Tim Iacono reviews data compiled on EconomPicData that reveals American consumers are ratcheting down their use of credit cards, dropping toward 15% of personal income. Consumer debt has been rising for decades, but now it is being replaced by student loan debt, which has increased dramatically in the last 10 years to approach 5% of personal income. Iacono believes this will likely cause problems in the long term as getting an education begins to look less appealing and eventually impacts U.S. competitiveness in the global market. For more on this continue reading the following article from Tim Iacono.
From this item at Jake’s EconomPicData blog the other day comes the graphic below depicting dramatic changes in consumer credit trends over the years. Racking up revolving credit (e.g., credit cards) is not nearly as popular as it was for decades, what I’ve long called “the real Reagan Revolution” as individuals dramatically increased their use of credit cards to fuel consumption (i.e., buying things you don’t need with money you don’t have).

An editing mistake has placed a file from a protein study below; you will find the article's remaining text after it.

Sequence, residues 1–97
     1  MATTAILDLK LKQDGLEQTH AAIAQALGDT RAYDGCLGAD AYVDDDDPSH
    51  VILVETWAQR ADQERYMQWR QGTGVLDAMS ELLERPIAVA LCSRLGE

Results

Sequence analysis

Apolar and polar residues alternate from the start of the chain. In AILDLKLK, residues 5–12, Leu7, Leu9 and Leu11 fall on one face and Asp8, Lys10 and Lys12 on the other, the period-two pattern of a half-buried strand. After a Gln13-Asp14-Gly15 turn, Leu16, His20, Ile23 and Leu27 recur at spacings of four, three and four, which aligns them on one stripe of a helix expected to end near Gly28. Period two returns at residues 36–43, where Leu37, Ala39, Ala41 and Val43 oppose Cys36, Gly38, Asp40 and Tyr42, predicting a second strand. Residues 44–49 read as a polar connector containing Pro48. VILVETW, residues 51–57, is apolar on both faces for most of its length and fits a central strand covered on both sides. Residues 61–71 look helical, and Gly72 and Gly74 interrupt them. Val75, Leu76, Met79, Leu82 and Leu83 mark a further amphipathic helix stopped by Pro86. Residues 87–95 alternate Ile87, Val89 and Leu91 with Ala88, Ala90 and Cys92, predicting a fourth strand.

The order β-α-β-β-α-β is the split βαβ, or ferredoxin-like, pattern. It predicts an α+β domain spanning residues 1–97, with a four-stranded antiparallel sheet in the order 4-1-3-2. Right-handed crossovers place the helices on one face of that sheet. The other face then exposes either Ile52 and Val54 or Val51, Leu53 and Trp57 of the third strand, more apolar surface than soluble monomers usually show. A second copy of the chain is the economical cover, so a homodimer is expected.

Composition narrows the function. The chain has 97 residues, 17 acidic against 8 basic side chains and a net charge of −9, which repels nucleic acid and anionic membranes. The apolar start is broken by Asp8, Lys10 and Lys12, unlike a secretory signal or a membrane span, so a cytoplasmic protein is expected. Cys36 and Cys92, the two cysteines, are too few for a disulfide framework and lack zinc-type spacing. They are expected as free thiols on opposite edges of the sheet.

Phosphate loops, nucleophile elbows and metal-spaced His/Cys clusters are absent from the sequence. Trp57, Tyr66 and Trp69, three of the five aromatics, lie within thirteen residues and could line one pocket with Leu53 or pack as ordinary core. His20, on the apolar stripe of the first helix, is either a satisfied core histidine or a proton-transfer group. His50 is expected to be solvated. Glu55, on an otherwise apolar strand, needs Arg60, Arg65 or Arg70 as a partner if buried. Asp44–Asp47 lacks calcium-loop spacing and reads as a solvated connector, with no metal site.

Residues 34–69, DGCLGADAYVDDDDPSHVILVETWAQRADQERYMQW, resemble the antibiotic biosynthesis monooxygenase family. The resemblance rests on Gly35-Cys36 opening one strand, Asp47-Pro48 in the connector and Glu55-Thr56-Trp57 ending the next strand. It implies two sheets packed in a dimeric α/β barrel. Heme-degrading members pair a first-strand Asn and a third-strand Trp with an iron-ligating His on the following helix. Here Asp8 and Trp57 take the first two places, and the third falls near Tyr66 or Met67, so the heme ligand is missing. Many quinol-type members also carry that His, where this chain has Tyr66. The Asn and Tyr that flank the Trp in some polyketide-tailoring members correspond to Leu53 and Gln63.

Taking up the slack for falling credit card balances are higher student loan balances that, already, are further separating the nation into have and have-nots (a.k.a. debt serfs) while making the whole idea of higher education less appealing when this is one the the things the country needs most to remain competitive with emerging economies in Asia.
This blog post was republished with permission from Tim Iacono.
The notion that kids to day don't want to rack up student loan debt hits home for me as our two youngest boys have no interest in higher education when seeing their friends leave college with a huge debt and then not able to find a job in the field they were trained.Your point that it will hurt us in the long run is what will happen as the baby boomers retire and we need educated people. I guess we will have to draw from over seas.
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